Mom turns eighty-nine tomorrow, and her reward is that her children are asking her to vacate her home of thirty-four years, and move down to Willits. It’s not that Willits is a bad place; after all, Mama’s doctor is there and so is her church. Also, one of her sons lives in Willits, as does one certain fire-fighting grandson, so there is support for Mom in Willits. It’s still not her home.
So why does she have to leave Bell Springs? We asked Mom to relocate because we were concerned about her health and safety. There are nine of us “children,” though Eric, the oldest “child,” just turned sixty-five, so maybe children is not the best choice of words, but we were all in agreement. Last winter was prohibitively harsh, and Mama’s little Ford Escort was simply not up to the task.
I have asked her why she does not capitulate, and buy a four-wheel drive vehicle, but she has a ready response: “I just won’t drive in the snow.” Well, last winter, that meant a lot of not driving, because we had a great deal of the white stuff. From my house, it is a ten minute walk, or a three minute drive, to Pauline’s house, but in three feet of snow, the only means of transportation available is the quad.
When I was thirty, it was a point of pride to me, that I was always able to get from my house to the folks’ house overland, via foot. Now it has become a matter of pride, that I recognize my limitations, and avoid situations that can prove costly, to a guy almost sixty. When the snow turned to rain for twenty-four continuous hours, saturating the three-feet-deep blanket of snow, the quad became useless.
Whereas in the dry, powdery stuff, the quad is so light, it simply skims the top of the snow, after the rain has fallen for that long a time, the quad wheels simply spin in the slushy mess. Any attempt to walk, is met with the most astonishing result. At one point, while attempting to replenish my woodbox, I found my left foot anchored, while my forward momentum produced a slow-motion swan dive.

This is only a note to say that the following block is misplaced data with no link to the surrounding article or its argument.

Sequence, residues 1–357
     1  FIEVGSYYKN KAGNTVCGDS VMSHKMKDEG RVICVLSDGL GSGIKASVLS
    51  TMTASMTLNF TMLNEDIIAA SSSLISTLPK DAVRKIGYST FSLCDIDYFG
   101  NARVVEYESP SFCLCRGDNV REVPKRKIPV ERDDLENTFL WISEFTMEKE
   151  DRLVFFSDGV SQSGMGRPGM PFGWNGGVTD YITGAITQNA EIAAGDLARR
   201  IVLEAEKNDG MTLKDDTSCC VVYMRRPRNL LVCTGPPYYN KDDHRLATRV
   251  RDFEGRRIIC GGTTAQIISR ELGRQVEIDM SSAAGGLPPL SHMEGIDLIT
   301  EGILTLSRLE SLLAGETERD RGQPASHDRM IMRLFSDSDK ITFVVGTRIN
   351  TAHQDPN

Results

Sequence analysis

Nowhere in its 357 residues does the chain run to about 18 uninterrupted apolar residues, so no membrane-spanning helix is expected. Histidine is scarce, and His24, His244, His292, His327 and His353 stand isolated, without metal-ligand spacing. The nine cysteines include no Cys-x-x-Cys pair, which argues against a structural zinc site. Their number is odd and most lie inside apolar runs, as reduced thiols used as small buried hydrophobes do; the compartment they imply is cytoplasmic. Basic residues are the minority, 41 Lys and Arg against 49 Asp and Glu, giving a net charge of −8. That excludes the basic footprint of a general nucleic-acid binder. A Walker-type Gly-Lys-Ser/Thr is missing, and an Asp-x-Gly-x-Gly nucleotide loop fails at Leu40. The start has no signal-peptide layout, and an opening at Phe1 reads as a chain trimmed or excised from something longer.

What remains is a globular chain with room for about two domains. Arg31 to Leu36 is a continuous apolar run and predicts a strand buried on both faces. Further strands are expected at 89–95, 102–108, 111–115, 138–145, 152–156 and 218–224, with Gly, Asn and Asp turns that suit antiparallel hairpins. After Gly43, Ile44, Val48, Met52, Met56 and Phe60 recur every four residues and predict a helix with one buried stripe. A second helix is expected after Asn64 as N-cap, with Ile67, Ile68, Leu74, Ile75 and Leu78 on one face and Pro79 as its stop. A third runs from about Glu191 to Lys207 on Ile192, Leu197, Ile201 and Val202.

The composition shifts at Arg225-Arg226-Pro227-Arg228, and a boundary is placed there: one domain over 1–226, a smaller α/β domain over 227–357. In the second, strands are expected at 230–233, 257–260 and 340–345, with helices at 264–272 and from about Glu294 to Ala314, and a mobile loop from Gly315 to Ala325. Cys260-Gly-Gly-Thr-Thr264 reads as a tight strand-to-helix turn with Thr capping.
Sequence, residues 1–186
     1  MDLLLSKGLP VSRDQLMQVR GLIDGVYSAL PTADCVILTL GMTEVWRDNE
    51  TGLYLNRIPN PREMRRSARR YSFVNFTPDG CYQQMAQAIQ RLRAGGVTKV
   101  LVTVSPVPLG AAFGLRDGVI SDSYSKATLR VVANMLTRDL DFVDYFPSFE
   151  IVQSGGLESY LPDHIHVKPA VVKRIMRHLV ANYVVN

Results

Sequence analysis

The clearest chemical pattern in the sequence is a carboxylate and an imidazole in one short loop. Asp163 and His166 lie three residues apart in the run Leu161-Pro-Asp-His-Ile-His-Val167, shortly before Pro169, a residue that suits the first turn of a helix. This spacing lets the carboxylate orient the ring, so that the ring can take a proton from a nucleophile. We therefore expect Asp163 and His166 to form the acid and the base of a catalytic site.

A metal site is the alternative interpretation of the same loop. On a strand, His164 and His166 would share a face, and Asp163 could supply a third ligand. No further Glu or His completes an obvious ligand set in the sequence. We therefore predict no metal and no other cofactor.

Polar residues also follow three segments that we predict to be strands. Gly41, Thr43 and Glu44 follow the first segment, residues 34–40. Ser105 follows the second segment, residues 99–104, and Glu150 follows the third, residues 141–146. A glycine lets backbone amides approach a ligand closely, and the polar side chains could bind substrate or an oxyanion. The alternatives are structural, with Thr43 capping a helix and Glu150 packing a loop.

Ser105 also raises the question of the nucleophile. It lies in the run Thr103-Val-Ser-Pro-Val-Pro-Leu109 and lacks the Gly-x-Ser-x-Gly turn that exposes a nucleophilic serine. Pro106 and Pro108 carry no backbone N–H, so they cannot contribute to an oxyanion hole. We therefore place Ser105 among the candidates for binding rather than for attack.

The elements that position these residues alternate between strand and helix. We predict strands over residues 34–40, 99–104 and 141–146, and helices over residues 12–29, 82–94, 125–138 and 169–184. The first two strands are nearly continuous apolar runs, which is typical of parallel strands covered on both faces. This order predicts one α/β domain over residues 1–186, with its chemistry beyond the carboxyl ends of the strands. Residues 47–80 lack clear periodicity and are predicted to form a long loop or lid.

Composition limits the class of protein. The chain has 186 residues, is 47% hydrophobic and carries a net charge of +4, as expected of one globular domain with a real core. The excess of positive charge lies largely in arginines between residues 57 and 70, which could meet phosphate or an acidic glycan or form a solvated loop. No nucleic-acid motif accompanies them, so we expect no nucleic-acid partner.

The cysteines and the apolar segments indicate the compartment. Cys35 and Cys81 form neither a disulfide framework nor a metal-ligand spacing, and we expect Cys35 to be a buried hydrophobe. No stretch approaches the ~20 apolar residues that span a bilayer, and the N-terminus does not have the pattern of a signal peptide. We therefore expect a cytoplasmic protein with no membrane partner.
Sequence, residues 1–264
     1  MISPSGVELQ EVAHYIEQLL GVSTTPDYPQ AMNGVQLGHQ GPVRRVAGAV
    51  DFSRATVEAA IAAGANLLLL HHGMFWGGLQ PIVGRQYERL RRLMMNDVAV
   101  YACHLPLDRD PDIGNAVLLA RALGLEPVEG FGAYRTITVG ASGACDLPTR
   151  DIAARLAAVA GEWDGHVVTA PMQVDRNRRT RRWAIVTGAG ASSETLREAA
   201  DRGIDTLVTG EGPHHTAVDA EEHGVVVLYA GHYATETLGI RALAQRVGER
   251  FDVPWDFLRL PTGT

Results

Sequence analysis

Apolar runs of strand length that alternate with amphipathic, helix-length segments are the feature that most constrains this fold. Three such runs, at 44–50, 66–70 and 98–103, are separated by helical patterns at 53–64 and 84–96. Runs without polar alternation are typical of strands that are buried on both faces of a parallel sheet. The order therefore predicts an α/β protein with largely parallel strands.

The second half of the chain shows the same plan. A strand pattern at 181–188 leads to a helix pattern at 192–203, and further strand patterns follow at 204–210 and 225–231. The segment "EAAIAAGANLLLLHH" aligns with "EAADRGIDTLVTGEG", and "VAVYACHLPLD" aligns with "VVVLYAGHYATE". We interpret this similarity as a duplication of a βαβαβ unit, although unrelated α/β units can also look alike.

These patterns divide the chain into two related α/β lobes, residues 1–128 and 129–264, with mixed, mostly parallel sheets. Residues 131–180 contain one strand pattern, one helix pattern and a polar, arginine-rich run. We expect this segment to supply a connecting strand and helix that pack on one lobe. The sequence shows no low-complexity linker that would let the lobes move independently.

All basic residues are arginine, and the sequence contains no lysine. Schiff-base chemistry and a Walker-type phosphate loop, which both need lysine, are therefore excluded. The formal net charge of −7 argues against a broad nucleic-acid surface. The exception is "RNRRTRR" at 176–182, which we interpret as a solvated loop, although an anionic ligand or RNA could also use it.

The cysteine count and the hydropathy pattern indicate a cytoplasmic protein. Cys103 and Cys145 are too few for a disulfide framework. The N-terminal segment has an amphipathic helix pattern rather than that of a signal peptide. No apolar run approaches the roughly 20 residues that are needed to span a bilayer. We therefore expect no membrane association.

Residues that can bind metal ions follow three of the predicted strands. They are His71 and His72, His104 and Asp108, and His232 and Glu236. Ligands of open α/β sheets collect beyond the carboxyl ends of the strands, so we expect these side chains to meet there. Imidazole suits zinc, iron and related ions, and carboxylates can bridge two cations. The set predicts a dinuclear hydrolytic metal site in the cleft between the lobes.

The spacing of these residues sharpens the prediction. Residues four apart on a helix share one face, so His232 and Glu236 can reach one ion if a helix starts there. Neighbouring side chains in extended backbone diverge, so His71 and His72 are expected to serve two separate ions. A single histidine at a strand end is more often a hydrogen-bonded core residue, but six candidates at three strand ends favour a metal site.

The comical part, at least from later reflection, is that I was unable to move, once I was prone in the deep, mushy slush. Casey had to come over to me to help me back to my feet. That’s not necessarily a good thing, especially if I were halfway between my house and Mom’s place. The bottom line is that I could no longer be assured that I could get over to Mom’s in a time of crisis, and that weighed heavily on my mind during those long hours of inaccessibility, which stretched into days on more than one occasion.
There were appointments that were missed, and there were appointments which were not missed, but which caused such stress, that it left us wondering how long life on the mountain could continue for Mom, at least in wintry times. When spring arrived, and with it no respite from the challenging elements (we had to wait until June Sixth, before the rain spigot finally shut off this past season), the nine of us began communicating amongst ourselves, and found that we were unified in our support for Mom’s health and safety.
We asked her to consider a relocation, to the destination of her choice, so that we could be more certain that she would be better able to contend with the challenges of longevity. Whether she chose to come live with one of her children, or a site within easy commute of her doctor and her church, was completely up to her. We even emphasized that her home up here on Bell Springs was certainly fine and dandy for more temperate times, and that we were completely willing to conduct the move.
How often do you find nine adults anywhere, especially within a family, who all agree unanimously, on a single course of action? I still marvel at the exchanges that occurred, as we sought to find the best course of action.
How about Mom? How did she feel about being asked to vacate her perfectly good home, to relocate in another spot? How would you feel? All I can say is that our request was made out of love and concern. Besides, we all know the way to Willits.